NASA Discovers Nearly 1,300 New Planets
NASA — the U.S. space agency — said it found nearly 1,300 planets outside our solar system.
Nine of the planets are orbiting stars at the distance that can support life.
NASA said that the Kepler space telescope confirmed the existence of 1,284 planets. This result came from studying more than 4,000 possible planets identified by a statistical analysis.
Scientists said the research is important to help them find out whether there is life on other planets.
Paul Hertz is NASA's director of astrophysics. He said, "this gives us hope that somewhere out there, around a star much like ours, we can eventually discover another Earth."
He said before the Kepler space telescope launched, scientists did not know whether exoplanets—those outside our solar system—were rare or common in the galaxy.
"We now know there could be more planets than stars," Hertz said.
He said the information brings humans a little closer to finding out whether they are alone in the universe.
To reach this number of planets, scientists looked at thousands of pieces of data. The researchers used a new statistical analysis method to study thousands of candidates in Kepler's database for traits that would establish them as planets.
Princeton University's Timothy Morton led the analysis. It involved watching a planet's brightness for changes that would mean it was orbiting its star, the way that Earth circles the sun.
The data gave scientists a "planethood probability percentage" to help the experts focus on candidates most likely to turn out to be actual planets.
But, with so many objects in space, what makes a planet, a planet?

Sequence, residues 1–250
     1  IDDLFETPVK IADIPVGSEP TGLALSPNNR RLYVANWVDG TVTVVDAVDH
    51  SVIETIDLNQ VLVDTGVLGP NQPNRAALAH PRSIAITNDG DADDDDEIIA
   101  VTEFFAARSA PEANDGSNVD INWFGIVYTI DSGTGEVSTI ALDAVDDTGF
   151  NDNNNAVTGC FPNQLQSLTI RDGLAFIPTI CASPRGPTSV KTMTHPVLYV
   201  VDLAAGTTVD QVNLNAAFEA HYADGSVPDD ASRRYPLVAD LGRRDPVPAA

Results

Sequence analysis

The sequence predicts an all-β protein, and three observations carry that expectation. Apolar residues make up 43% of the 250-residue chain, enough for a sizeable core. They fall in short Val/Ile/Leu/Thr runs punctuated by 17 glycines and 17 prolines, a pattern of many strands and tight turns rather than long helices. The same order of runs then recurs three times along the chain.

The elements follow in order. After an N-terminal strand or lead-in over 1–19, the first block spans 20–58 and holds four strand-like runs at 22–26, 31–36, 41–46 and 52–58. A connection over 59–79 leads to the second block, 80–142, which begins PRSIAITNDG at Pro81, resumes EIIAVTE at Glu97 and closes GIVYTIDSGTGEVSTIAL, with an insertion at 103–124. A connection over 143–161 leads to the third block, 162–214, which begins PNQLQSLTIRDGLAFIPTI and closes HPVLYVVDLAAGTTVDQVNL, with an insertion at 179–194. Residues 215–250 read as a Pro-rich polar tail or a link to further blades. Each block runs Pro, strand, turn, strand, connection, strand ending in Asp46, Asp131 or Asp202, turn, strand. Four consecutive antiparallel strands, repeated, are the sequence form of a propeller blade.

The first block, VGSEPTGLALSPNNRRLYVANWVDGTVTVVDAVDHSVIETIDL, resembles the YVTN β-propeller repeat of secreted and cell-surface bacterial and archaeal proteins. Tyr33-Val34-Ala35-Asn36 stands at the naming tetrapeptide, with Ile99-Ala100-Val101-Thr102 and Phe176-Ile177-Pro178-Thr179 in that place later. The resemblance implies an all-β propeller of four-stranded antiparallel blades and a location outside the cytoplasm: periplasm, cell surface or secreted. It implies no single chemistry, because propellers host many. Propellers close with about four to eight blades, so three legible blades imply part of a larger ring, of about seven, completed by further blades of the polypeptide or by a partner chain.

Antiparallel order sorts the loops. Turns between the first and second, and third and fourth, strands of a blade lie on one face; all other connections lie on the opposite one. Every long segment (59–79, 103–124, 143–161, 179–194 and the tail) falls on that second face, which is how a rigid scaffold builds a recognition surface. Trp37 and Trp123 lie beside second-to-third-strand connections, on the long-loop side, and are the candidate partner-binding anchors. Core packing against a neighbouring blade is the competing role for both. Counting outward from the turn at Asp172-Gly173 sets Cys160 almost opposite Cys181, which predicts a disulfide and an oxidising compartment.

The International Astronomical Union (IAU), approved the first scientific definition of a planet in August 2006. It says the object must have three things to be called a planet.
It must orbit its star. Second, it must be big enough that gravity shapes it into a ball. And third, the pull of that gravity must be strong enough to clear small objects out of the way of its orbit.
NASA said nearly 550 of the planets were "rocky planets," somewhat like Earth, based on their size. Nine of those planets were orbiting their suns at the distance that would allow liquid water to pool.
That means, they have conditions that would make life possible. At least, the kind of life that exists here on Earth.
Natalie Batalha is Kepler mission scientist at NASA's Ames Research Center in California. She thinks there is life on other planets.
"Absolutely, no question," she said. "Why would we be the only ones?"
She used a line from the movie "Contact," that astronomer Carl Sagan was supposed to have said. If humans were the only life in the universe, it would be "an awful waste of space."
Recently, popular movies like "The Martian" and "Interstellar" have focused on finding new homes for humans in case we destroy Earth.
Batalha said she is focused on searching for life, not on finding new homes for humans.
"We have so many questions," she said. "Is DNA the only code that sustains life? How does life begin? Questions about the origin of life, why we're here."
That new number, 1,284 new planets, makes the idea that we are "alone in the universe" seem more and more unlikely.
I'm Anne Ball.